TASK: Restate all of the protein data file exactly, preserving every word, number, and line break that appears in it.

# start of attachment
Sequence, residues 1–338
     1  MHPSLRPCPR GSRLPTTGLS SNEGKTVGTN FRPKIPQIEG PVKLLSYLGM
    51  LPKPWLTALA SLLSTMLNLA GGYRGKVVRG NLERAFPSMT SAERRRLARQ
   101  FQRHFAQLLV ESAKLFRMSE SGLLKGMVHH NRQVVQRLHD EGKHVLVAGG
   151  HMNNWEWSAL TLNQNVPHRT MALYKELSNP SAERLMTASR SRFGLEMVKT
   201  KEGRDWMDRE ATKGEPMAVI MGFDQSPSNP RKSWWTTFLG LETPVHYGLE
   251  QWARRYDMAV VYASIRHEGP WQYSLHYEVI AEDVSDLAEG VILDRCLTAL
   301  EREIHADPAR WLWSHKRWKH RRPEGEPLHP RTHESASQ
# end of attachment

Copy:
Sequence, residues 1–338
     1  MHPSLRPCPR GSRLPTTGLS SNEGKTVGTN FRPKIPQIEG PVKLLSYLGM
    51  LPKPWLTALA SLLSTMLNLA GGYRGKVVRG NLERAFPSMT SAERRRLARQ
   101  FQRHFAQLLV ESAKLFRMSE SGLLKGMVHH NRQVVQRLHD EGKHVLVAGG
   151  HMNNWEWSAL TLNQNVPHRT MALYKELSNP SAERLMTASR SRFGLEMVKT
   201  KEGRDWMDRE ATKGEPMAVI MGFDQSPSNP RKSWWTTFLG LETPVHYGLE
   251  QWARRYDMAV VYASIRHEGP WQYSLHYEVI AEDVSDLAEG VILDRCLTAL
   301  EREIHADPAR WLWSHKRWKH RRPEGEPLHP RTHESASQ